More than a third of UK business schools surveyed last year by the Chartered Association of Business Schools (CABS) reported a fall in EU postgraduate applications for the current academic year. Some 15 percent reported an increase and 50 percent had no change in applications. Many schools expect that EU applications will continue to decline.
“Brexit has created an environment in which the United Kingdom is seen as hostile to foreigners,” says David Asch, quality services director at the European Foundation for Management Development.
“That could lead to a diminution of foreign students and, just as importantly, foreign faculty, especially those from EU countries.”
CABS found that 19 percent of schools included in its survey suffered a drop in EU staff retention last year, and a 17 percent fall in recruitment of them.
As well as their immigration status, academics are concerned about losing access to EU research funding post-Brexit.
CABS says the number of UK business schools having their EU funding cut has doubled over the past year, stoking fears that Brexit will blow a hole in the finances of institutions that contribute £13bn to the British economy each year.
“The ability to apply for EU funding under a variety of initiatives is probably at risk, with potentially damaging implications for UK researchers,” says Asch.
UK schools have become more reliant on EU funding, which had increased by 38 percent between 2012-17, and accounts for a quarter of all business and management research funding today, according to CABS. That’s because UK central government funding was slashed by 17 percent between 2012-17.
The solution for a growing number of schools is to establish teaching and research partnerships with institutions outside the EU, for example in Asia. Approximately 38 percent of schools told CABS they were likely to do such deals this year, up from 16 percent in 2017.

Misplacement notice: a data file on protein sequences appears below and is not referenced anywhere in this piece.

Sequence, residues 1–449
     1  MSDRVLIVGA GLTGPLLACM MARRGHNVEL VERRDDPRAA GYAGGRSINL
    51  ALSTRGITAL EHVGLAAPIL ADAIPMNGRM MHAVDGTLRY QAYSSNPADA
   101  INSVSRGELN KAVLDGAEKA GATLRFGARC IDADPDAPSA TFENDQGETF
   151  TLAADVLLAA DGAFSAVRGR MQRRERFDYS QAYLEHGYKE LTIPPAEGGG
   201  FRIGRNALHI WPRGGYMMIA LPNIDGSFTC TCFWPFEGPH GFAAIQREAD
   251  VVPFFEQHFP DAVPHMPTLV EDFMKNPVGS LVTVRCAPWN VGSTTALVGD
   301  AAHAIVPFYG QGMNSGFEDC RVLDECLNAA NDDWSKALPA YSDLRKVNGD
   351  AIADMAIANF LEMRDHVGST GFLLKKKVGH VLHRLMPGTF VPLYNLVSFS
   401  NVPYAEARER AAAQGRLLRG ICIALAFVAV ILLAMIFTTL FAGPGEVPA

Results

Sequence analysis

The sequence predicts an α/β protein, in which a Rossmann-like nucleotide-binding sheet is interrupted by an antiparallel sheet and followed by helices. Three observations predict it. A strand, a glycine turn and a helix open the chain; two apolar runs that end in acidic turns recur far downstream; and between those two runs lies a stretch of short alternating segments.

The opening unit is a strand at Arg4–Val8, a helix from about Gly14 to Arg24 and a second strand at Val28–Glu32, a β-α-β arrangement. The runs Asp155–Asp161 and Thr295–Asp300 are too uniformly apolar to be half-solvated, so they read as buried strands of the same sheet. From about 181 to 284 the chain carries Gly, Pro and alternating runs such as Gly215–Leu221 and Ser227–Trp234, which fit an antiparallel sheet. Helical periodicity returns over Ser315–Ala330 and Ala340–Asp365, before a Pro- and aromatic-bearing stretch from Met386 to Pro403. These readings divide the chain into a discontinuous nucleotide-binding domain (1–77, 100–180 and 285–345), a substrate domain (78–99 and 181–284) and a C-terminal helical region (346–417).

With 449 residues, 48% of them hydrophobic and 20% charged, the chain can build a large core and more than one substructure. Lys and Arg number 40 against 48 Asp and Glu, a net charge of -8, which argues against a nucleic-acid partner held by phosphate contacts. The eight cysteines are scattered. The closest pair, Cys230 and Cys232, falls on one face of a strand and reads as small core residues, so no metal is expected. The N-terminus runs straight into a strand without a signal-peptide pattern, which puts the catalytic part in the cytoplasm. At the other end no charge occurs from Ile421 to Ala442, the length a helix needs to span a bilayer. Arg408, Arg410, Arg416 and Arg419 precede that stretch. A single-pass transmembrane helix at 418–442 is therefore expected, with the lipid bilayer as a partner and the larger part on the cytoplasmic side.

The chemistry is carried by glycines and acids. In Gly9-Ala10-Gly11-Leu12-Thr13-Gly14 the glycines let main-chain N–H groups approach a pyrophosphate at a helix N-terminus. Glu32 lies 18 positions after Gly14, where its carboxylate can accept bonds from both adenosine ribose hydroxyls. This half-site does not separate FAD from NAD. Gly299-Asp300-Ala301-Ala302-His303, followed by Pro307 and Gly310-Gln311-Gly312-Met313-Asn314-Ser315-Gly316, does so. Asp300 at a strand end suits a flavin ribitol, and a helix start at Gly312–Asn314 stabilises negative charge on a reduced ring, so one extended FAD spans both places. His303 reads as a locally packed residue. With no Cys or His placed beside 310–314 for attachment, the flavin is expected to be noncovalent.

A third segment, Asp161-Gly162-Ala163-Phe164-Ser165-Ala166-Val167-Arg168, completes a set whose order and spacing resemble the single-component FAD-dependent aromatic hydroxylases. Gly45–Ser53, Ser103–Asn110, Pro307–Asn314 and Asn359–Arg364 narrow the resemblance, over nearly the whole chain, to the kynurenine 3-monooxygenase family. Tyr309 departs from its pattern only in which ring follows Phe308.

Tim Mescon, chief Europe officer at AACSB International, which accredits business schools, says, “There will be an increase of double degree programs with EU institutions. I also think we will see many more UK institutions look for and establish campuses across the EU.”
Several top UK schools are already doing this as a “Brexit hedge.” For example, Queen Mary University’s business school started teaching its flagship business master’s degree in Paris as well as London last year.
But with the outcome of Brexit still so uncertain, Marianne Lewis, dean of Cass Business School in London, says the UK market should focus on ensuring a welcoming, inclusive environment for international students and giving them all the information and support they need to navigate the Brexit process.
“We recognize this has been unsettling for staff and students and have provided regular information—through workshops and written briefings—about the Brexit process and its potential implications,” she says.
For instance, Cass’ MBA students recently visited Brussels for seminars, workshops and a tour of the European Parliament, meeting EU civil servants and MEPs. “[It was] an opportunity to find out more about the implications of Brexit for business, as well as enhancing their understanding of contemporary political events and what Brexit might mean for them personally,” says Lewis.
For Hans Geffert, an MBA student at Durham University Business School, who is from Australia, Brexit wasn’t a major consideration in selecting the United Kingdom as a study destination. “If anything, I saw the opportunity to study global business in the United Kingdom at the time of such a significant regional event as a positive learning opportunity,” he says.
He says that while it remains to be seen what the outcome of Brexit will be, “it is certainly making for an interesting case study.”